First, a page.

Legislative Assembly for the ACT: 2010 Week 2 Hansard (25 February) . . Page.. 752..
MR STANHOPE (continuing):
up and says, "Get rid of the weeds. Knock the willows down". There is no plant life in the Jerrabomberra wetlands which is not and cannot be characterised as anything but a weed. They are all weeds, even the grass. (Time expired.)
Organ donation awareness
MS PORTER: My question is to the Chief Minister. Chief Minister, this morning you attended the Chief Minister's awards for organ donation awareness. Could you inform the Assembly about the purpose of these awards?
MR STANHOPE: I thank Ms Porter for her question. Yes. A number of members also attended and it was very good to see the high level of interest by elected representatives in organ donation awareness and the importance of this awareness week. The purpose of the awards is, of course, to recognise those who have contributed to improving community awareness of the importance of organ donation.
Awareness is important in very many areas of healthcare. That is why we are seeing awareness campaigns such as this designed to encourage procedures, in addition to organ donation, such as breast screening and campaigns to improve the awareness of other health issues.
When it comes to organ transplantation, awareness is important on multiple levels. Firstly, we need more individuals to register as potential donors, and that requires that people be aware of the register and of how easy it is to add their own name to the list. It all sounds simple, of course. But, while most Australians I am sure would philosophically agree with donation, no-one wants to contemplate their own early death. And that is what signing on to the register requires us to do: to address our mortality.
There is something potentially confronting about putting your name on a list that effectively acknowledges the prospect of early and untimely death, at a young age perhaps or at the peak of good health The reality is that most donors only become donors because they are struck down by some kind of catastrophic injury or illness, or perhaps as a result of a car accident, a stroke, a fall or some such. Signing on as a potential donor means first acknowledging that this could happen to us. And in the midst of a busy work and home life, with all of the competing claims on our attention and our thoughts, it is probably little wonder that looking mortality so squarely in the face is something many people do not get around to. We go into some fairly rapid avoidance.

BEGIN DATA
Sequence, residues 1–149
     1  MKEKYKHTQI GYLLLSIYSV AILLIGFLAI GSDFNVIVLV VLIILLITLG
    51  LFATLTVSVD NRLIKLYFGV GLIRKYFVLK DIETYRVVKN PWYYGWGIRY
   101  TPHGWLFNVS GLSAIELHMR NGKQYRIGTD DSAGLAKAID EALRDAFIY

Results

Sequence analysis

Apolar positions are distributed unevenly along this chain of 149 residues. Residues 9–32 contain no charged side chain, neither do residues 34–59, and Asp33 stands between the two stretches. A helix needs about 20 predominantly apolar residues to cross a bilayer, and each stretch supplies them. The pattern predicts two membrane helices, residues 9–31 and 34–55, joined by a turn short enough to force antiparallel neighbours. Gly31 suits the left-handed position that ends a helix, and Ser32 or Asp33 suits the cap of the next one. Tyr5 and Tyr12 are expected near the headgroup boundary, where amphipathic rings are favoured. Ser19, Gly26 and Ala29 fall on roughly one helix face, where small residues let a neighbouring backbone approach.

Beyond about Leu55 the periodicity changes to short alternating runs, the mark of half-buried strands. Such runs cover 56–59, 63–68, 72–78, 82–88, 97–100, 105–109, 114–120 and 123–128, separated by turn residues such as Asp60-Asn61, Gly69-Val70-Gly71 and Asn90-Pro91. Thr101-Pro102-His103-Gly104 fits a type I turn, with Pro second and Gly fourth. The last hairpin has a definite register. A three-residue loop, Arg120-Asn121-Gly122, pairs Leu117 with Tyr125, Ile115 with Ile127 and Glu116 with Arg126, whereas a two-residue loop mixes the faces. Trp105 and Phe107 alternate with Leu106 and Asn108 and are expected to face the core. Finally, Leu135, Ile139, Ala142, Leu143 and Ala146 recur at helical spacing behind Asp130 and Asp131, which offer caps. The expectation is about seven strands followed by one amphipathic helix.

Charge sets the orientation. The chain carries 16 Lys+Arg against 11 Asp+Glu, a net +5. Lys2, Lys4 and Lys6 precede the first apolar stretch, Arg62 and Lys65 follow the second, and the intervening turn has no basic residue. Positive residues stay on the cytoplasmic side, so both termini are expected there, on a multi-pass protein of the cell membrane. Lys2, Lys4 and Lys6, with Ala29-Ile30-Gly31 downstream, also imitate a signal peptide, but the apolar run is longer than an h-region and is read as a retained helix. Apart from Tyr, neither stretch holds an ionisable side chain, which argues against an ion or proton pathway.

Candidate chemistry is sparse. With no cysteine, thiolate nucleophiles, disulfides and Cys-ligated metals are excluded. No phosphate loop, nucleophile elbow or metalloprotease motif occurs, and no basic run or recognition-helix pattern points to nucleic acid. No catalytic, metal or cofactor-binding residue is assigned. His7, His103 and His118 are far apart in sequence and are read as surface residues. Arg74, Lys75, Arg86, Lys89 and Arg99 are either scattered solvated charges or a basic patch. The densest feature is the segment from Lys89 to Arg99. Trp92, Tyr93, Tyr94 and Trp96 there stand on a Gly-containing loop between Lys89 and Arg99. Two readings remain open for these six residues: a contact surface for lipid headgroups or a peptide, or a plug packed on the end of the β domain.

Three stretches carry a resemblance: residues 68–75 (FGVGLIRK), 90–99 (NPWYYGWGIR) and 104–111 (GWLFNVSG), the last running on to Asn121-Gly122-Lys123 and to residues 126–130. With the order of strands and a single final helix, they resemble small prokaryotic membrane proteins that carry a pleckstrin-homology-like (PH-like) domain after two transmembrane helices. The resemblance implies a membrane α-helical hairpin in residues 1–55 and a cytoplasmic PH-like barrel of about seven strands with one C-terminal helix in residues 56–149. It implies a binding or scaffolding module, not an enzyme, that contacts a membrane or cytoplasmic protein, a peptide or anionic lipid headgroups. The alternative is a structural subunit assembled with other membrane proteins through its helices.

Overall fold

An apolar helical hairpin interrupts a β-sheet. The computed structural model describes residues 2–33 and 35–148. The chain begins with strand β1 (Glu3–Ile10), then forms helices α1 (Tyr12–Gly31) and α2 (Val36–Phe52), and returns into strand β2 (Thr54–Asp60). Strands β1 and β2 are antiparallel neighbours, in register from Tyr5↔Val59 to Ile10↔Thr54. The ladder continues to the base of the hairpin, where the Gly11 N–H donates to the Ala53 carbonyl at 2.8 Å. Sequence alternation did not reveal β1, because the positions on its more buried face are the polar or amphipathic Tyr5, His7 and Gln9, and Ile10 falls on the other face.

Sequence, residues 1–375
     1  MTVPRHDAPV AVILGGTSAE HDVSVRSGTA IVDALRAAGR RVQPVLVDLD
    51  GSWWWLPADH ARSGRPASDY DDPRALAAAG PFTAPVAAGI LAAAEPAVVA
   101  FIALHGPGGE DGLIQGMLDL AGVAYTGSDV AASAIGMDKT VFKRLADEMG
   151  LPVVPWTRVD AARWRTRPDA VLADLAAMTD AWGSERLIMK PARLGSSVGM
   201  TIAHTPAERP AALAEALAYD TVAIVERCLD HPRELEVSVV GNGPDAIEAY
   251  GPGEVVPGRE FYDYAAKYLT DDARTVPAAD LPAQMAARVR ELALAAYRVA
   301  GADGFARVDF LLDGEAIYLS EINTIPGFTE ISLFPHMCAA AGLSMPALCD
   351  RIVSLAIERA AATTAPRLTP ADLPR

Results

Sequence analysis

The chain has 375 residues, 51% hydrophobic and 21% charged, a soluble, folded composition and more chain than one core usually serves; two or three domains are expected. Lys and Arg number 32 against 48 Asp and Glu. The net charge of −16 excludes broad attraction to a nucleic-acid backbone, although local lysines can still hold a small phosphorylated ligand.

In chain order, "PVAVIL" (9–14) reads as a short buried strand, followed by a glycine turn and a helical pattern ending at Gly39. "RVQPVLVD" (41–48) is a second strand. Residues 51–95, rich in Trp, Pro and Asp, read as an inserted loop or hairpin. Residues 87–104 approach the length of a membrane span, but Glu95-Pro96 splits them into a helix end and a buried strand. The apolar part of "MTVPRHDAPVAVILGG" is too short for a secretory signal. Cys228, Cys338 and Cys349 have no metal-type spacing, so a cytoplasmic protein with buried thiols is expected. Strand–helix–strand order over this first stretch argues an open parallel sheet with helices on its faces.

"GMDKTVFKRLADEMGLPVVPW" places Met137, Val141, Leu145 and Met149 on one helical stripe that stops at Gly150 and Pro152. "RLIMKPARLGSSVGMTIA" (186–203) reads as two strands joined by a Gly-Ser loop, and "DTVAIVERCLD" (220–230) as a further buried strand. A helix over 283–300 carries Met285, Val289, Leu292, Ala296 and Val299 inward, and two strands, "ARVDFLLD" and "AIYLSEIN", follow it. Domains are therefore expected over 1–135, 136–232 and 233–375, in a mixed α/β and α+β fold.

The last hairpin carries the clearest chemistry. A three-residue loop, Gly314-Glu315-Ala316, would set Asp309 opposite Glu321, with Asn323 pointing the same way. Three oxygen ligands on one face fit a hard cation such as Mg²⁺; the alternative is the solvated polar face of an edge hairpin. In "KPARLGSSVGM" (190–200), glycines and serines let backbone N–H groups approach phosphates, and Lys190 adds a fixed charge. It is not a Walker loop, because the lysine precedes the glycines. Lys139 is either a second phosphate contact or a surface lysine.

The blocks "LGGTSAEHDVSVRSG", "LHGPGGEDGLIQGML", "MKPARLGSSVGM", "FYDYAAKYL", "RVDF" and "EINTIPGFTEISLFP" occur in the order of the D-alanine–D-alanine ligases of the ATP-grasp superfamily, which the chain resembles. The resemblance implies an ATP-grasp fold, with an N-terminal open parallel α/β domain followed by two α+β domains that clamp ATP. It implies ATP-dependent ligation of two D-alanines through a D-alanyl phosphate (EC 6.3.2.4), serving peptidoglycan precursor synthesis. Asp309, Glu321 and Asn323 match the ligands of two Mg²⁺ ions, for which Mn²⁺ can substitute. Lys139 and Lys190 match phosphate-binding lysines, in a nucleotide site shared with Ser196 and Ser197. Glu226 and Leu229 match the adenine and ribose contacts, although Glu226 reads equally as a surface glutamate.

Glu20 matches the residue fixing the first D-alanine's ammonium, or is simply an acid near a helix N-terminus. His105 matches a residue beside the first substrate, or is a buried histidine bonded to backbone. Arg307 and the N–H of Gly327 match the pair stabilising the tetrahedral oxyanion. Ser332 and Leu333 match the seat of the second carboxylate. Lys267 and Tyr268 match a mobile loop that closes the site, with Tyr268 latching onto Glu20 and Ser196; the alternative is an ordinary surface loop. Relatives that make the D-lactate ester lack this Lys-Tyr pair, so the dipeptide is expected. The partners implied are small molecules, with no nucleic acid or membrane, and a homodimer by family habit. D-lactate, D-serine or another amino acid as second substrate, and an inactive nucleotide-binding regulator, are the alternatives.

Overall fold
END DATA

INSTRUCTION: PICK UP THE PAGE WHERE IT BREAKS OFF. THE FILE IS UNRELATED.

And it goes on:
Awareness campaigns such as this week, and this morning's awards, help cut through, and one way they can do that is by reminding people of what the gift of an organ or tissue can mean for the recipients, because that is ultimately what donation is all about—improving the quality of life for recipients; in some cases literally and dramatically offering someone the gift of life.
And that restored quality and duration of life, that gift, can only be offered to the 1,700 Australians now waiting for organs if more of us register as potential donors and if more of us encourage our families and friends and loved ones to do the same.